This post summarizes the status of housing and community development bills that MACo either considered or took a position on.
Regional Institution Strategic Enterprise (RISE) Zone Program: HB 742/SB 600 provides a tool to spur economic development and revitalization surrounding anchor educational institutions and nonprofit entities by allowing qualified institutions and nonprofit entities who have a strong and demonstrated history of commitment to economic development and revitalization within the communities in which they are located, to apply jointly with the county or municipal corporation in which the institution is located to the Department of Business and Economic Development for designation as a RISE Zone. As previously reported on Conduit Street, the RISE Zone Program as originally introduced allowed local governments to provide comment on the creation and boundaries of a zone, but offered no approval authority, although the bills mandated local governments to provide property tax credits within the RISE Zone. Working jointly with the Maryland Municipal League, MACo testified in support of the bills and drafted a series of amendments to address local government concerns by granting local governments approval authority over the creation of a RISE Zone and treating the program similar to the Enterprise Zone Tax Credit Program. These amendments were in large part adopted by the House and then concurred by the Senate. For more information read previous coverage on Conduit Street.
Final Status: HB 742/SB 600 was passed by the General Assembly and await the Governor’s signature.
Landlord Defense in Nuisance Actions: HB 645 would establish a legal defense for a landlord to any nuisance action brought under State or local law if the tenant’s actions are the sole basis for the nuisance action and the landlord provides evidence that they have filed an action in the District Court for repossession of the premises. Under amendments adopted by the House, the landlord would have to prove that the repossession action is pending in the District Court, or that the landlord possesses a warrant of restitution and is awaiting eviction. MACo OPPOSED this legislation because it has the practical effect of overriding the intent of local jurisdictions in the management of the scope of their own local nuisance laws by providing this blanket defense to at least 18 State and local nuisance laws.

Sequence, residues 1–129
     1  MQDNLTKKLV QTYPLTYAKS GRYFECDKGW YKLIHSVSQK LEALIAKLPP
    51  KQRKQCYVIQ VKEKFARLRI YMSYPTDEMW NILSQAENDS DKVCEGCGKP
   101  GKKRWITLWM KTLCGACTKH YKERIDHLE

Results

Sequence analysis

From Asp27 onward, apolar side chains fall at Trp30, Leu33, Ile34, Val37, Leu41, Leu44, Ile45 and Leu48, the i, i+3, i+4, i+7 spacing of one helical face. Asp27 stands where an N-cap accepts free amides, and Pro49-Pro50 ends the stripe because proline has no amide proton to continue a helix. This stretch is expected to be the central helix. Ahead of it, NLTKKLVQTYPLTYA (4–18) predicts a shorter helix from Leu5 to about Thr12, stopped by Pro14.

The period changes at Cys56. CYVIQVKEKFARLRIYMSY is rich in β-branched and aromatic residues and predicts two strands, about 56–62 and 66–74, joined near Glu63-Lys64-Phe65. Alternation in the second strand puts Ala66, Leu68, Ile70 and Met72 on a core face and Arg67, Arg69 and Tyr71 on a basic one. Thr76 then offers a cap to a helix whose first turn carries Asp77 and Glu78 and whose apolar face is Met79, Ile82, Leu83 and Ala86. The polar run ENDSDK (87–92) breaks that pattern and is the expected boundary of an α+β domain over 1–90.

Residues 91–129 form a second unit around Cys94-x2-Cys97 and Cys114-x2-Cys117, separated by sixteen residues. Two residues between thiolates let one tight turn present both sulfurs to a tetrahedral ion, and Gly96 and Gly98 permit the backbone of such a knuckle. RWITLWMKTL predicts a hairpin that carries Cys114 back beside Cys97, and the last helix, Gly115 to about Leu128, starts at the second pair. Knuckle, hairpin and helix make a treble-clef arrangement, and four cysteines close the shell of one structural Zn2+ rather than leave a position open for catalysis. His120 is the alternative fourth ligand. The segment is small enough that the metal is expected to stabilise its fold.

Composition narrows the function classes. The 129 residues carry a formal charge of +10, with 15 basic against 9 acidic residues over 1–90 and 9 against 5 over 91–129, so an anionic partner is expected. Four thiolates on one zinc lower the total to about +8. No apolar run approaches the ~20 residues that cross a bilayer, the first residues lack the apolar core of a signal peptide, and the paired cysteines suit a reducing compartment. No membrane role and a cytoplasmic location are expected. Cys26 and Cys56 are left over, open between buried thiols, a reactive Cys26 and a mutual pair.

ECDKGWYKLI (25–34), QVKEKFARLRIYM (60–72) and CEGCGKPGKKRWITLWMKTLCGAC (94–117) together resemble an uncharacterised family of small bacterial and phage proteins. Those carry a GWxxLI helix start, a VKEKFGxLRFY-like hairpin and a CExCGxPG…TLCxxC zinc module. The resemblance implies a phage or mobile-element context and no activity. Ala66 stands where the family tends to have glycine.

Final Status: HB 645 was passed out of the House with amendments, however no action was taken on HB 645 by the Senate Judicial Proceedings Committee.
Jonathan’s Law – Balcony Inspections: HB 947 and SB 401 each establish requirements for political subdivisions to perform inspections on certain multifamily dwelling units with certain balconies. Originally, HB 947 required a political subdivision to inspect or authorize a third party to inspect the balconies of multifamily unit dwellings every 10 years to ensure they meet the local housing code or minimum livability code. It also included the option for the subdivision to require the owners to hire a certified inspector to inspect and report on the balcony. SB 401 required a similar inspection every 5 years but did not include the provision allowing for owner inspection. The bills went to conference committee and were amended to require the inspections every 5 years and only for multifamily properties with balcony railings constructed primarily of wood. The political subdivision can require the owner to hire the inspector and if the political subdivision performs the inspection, it can include the inspection as part of any other inspections it performs on multifamily properties so long as they occur every 5 years. MACo did not take a position on either HB 947 or SB 401.
Final Status: HB 947 and SB 401 were amended in conference committee and passed by the General Assembly. They await the Governor’s signature.
For more information about the bills in this section or other housing and community development bills, please contact Natasha Mehu at 410.269.0043 or email@example.com.